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I have a very large table that I'm trying to sort and write to file with the query:

 select * from t1 order by user_id,tstamp into outfile 'sample.tsv';

The table is quite large (on the order of 600-700 million rows) and is using ~180GB on disk, and attempting to run the query gives me a "no space left on device" error, apparently writing so much data to tmp directory that it's maxing out the HDD and breaking the query.

I have maximized the free space on drive containing the tmp folder (close to 1TB free!) but the query is still failing with the same error, so I need a solution other than creating more space in the tmp directory.

The one idea I've thought of so far is to break up the sorting iteratively, leveraging the fact that for each of the 56000 or so user ids, there are an average of only 10-20 thousand records. Using some pseudocode, I imagine this would look something like this:

for each unique uid:
    select * from t1 where user_id=uid order by tstamp
    append result to file

I assume this would work (using the Python MySQL wrapper or similar) but is there a simpler, pure MySQL solution?

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1 Answer 1

up vote 1 down vote accepted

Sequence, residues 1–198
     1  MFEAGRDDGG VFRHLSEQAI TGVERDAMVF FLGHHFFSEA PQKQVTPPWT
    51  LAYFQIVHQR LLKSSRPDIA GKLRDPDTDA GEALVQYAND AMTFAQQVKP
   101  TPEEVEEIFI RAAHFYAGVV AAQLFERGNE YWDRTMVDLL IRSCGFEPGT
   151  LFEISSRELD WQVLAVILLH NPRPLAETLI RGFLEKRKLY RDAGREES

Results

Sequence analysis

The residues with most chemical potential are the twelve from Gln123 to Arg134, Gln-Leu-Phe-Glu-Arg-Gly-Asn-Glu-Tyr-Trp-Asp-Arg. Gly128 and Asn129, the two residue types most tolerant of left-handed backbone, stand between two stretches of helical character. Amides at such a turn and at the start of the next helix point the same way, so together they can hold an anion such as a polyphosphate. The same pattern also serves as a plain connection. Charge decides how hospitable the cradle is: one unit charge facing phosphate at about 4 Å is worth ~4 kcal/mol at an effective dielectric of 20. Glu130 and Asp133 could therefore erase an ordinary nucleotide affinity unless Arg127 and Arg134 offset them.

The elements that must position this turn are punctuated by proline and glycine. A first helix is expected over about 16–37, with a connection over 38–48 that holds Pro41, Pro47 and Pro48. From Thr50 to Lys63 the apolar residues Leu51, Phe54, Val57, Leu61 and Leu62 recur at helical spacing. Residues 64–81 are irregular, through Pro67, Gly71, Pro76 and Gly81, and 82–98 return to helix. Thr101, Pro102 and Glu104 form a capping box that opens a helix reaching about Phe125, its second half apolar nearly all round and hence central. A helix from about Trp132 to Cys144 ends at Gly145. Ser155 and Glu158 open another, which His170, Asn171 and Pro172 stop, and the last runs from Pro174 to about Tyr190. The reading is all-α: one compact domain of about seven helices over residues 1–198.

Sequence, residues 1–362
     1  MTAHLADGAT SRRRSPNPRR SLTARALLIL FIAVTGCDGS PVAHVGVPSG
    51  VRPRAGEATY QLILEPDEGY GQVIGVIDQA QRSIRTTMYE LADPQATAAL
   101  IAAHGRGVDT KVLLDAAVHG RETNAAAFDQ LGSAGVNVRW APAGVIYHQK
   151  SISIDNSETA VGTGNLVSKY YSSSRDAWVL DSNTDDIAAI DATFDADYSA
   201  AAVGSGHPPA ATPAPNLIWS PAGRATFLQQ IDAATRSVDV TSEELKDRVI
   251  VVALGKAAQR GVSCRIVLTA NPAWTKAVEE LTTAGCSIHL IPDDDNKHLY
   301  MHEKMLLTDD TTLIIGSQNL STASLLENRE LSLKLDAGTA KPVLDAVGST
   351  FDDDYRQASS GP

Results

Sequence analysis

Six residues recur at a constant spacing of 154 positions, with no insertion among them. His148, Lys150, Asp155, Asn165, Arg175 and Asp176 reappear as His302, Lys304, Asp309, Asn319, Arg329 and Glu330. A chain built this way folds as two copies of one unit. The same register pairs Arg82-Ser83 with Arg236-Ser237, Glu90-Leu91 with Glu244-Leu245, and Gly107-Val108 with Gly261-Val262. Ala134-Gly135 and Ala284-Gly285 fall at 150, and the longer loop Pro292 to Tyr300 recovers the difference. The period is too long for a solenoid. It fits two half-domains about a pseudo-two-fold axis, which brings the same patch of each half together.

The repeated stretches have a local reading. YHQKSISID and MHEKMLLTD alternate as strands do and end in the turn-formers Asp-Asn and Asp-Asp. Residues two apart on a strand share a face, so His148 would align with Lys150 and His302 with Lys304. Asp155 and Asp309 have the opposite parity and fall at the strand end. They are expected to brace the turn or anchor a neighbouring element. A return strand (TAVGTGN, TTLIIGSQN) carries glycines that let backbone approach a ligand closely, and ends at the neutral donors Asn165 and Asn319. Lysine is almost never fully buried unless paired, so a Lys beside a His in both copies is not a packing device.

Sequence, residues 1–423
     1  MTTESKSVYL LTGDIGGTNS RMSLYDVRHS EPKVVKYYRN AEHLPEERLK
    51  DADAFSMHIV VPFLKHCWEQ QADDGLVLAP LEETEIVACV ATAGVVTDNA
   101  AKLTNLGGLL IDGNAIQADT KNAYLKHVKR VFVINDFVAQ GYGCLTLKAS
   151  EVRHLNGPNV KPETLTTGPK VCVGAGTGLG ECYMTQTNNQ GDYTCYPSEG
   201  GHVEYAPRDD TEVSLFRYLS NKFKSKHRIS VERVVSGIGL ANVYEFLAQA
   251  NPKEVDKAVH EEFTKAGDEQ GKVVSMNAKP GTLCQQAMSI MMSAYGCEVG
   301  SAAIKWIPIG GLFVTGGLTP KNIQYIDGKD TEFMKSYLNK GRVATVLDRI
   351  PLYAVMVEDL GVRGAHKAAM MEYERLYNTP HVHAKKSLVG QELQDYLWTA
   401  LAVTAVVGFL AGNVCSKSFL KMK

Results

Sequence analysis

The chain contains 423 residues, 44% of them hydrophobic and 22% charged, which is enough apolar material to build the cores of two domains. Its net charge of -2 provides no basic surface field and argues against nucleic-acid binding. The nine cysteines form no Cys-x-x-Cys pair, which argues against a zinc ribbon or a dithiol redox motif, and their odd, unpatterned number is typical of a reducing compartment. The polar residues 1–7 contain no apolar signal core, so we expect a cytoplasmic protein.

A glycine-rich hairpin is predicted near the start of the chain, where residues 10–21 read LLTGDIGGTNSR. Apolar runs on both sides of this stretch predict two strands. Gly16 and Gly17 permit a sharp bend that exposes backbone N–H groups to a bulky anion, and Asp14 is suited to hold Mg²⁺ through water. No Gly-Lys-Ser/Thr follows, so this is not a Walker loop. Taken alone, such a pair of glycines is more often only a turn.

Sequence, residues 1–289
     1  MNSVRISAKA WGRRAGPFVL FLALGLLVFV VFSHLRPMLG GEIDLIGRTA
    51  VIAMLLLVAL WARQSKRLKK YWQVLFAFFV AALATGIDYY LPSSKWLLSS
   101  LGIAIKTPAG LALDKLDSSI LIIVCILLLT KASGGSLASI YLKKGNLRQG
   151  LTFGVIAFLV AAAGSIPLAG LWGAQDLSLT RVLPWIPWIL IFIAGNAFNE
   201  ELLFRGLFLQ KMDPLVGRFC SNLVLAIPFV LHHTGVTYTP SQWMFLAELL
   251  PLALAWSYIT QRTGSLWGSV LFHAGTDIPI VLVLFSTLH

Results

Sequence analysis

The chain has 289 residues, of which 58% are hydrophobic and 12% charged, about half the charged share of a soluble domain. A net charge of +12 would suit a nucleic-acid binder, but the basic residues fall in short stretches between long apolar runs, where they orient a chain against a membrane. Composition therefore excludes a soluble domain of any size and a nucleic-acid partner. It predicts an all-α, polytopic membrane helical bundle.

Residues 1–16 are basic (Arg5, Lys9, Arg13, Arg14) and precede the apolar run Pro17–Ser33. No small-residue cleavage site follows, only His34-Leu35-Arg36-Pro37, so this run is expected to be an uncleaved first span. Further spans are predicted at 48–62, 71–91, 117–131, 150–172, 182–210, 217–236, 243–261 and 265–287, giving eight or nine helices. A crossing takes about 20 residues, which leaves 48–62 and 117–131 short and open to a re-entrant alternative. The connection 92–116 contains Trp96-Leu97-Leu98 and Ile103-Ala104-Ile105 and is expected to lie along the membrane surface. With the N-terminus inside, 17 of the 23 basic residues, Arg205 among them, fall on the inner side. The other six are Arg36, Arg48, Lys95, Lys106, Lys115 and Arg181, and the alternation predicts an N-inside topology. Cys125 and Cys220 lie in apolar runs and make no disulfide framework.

This is too long for a comment.

I'm not sure that there is a better way, than your method of extracting by user id. You might want to use larger chunks. So long as the data fits in memory, the sort should be reasonable fast.

Although sorting all the data may not be feasible, you might be able to create an index on user_id. Such an index would speed your query. Without the index, each iteration would require a full table scan.

Building an index on user_id, tstamp probably would not help the query (even if it is possible). The problem is that the data does not fit in memory. Even if you had such an index, when you go to use it, you end up with a situation called "thrashing". The query would start to read the index. Each record would be on a separate page (to a close approximation). Soon, the page cache fills in memory. Then the engine looks at the next record in the index. It is almost certainly not in the page cache, so it has to read a page from disk. This situation continues. Each record-read requiring an additional hit to disk.

The solution to this problem would be a merge sort algorithm. In some cases, sorting outside the database is more feasible. But a 180 Gbyte file is still pretty big.

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Thanks - I've done some exploring of external sort methods (i.e. writing the unsorted data to file, then sorting in Python or similar), but they same more arduous than the method I've already proposed. There is already an index on user_id, so this should fast (enough). –  moustachio Dec 29 '13 at 15:02

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